City of Los Angeles
Board of Sanitation
City Hall, Room 1010
200 North Spring Street
Los Angeles, CA 90012
The City of Los Angeles Bureau of Sanitation is proposing to eliminate competition between the existing 104 commercial waste haulers who service businesses and apartments in Los Angeles. The proposal is to create a franchise system that will supposedly bring the city millions of dollars of new revenue.
The proposal would create 5 to 6 “waste shed” areas around the city. Private waste haulers would be invited to submit proposals for servicing the waste sheds.
Two or three haulers would be selected to service each area. They would be the only operators allowed to do business in the areas assigned. Their costs would be determined through negotiations with the city. Those selected would have to pay a franchise fee for the privilege of having a contract.
Since the City of Los Angeles is known for its anti-business attitude, such a policy would be an added nail in the city’s anti-business reputation. The proposal would likely cost more in lost tax revenues than would be extracted from its victims. Apartment tenants would also have to be taught and motivated into recycling their trash.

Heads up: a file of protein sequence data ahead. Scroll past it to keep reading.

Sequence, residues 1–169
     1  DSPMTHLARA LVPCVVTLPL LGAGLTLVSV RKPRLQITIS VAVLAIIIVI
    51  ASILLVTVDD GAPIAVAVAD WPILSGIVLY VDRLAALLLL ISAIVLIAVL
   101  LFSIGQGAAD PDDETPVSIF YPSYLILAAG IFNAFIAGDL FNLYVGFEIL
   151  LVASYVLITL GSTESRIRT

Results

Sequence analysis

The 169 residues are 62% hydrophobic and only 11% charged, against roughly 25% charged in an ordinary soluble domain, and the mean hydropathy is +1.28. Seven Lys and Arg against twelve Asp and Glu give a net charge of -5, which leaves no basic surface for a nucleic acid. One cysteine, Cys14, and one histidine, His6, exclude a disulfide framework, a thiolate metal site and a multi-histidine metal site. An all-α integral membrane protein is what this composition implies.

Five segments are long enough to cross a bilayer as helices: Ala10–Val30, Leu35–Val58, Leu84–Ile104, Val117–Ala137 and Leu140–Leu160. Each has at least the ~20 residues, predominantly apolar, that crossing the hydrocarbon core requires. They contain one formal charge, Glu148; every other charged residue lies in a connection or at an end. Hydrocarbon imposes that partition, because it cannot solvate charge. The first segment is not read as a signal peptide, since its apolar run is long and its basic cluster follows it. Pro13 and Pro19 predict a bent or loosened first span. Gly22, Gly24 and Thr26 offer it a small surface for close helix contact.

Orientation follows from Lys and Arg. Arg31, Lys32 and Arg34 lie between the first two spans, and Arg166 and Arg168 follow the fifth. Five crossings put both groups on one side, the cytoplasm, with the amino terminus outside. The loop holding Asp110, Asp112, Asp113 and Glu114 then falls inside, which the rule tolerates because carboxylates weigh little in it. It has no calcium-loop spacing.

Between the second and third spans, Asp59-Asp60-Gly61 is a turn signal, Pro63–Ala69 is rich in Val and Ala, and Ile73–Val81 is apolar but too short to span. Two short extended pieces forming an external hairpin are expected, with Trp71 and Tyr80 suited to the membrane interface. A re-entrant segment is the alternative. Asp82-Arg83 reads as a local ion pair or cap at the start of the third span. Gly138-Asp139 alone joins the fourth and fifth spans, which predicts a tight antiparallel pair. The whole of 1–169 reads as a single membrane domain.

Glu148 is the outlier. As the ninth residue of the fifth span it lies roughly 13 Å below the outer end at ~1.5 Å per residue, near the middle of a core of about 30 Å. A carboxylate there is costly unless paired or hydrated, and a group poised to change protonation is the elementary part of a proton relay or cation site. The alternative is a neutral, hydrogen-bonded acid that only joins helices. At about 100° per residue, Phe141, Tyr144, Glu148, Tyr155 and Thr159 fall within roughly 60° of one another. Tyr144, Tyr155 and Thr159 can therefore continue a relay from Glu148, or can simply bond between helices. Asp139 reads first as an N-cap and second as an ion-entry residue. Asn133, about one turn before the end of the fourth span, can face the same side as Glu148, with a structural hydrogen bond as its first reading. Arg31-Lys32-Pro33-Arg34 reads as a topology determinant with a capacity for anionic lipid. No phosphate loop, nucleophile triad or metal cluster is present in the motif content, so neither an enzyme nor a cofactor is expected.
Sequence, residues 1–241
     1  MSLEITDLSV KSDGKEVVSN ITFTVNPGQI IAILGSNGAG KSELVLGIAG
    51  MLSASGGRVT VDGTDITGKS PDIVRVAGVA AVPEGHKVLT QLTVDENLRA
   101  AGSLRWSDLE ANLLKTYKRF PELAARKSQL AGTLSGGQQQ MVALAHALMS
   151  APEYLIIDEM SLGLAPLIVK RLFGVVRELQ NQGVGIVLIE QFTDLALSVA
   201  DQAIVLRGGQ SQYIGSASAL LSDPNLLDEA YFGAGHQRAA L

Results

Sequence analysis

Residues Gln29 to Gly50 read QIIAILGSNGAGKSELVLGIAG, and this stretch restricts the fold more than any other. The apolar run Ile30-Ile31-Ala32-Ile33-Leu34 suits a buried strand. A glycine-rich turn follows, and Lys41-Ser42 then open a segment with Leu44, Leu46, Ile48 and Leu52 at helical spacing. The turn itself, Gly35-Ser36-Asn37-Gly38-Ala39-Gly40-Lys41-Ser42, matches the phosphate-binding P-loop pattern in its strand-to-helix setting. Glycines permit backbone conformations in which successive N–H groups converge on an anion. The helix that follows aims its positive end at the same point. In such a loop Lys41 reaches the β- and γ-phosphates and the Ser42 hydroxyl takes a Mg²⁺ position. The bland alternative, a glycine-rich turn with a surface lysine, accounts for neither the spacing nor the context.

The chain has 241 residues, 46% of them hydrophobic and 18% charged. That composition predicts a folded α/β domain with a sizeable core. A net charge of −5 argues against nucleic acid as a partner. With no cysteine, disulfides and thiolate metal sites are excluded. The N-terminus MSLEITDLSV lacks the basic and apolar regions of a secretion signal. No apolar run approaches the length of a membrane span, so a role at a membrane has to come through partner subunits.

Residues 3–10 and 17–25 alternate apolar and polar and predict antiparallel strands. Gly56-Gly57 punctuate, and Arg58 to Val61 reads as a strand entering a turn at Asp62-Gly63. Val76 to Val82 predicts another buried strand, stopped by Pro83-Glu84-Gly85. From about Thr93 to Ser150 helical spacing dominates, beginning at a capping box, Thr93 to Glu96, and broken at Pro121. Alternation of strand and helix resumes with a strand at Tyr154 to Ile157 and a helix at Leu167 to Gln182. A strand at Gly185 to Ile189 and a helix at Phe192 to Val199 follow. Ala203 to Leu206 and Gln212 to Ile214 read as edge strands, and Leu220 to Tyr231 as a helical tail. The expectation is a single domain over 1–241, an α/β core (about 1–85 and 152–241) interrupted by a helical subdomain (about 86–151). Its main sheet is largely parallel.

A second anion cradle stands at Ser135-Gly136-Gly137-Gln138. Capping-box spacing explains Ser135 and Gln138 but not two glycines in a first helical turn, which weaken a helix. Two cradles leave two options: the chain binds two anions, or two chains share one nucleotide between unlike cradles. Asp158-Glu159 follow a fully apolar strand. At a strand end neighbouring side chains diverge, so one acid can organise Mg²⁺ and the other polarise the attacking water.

The Solid Waste Franchise Proposal would substantially reduce competition that reduces fees, and could result in a net reduction of overall fee and tax revenue.
It could easily reduce operating efficiencies, is likely to create corruption, and would be likely to create friction between tenants and apartment owners. Tenants whose trash is currently collected by Department of Sanitation trucks are already complaining about the department’s $48.xx solid waste charge on every DWP bill.
That amount significantly exceeds the charge by private waste haulers. In order to prevent the loss of revenue producing businesses, and keep apartment costs from escalating even faster, the Solid Waste Franchise Proposal should be scrapped, and apartment owners with city sanitation service should again be allowed to switch from city rubbish hauling.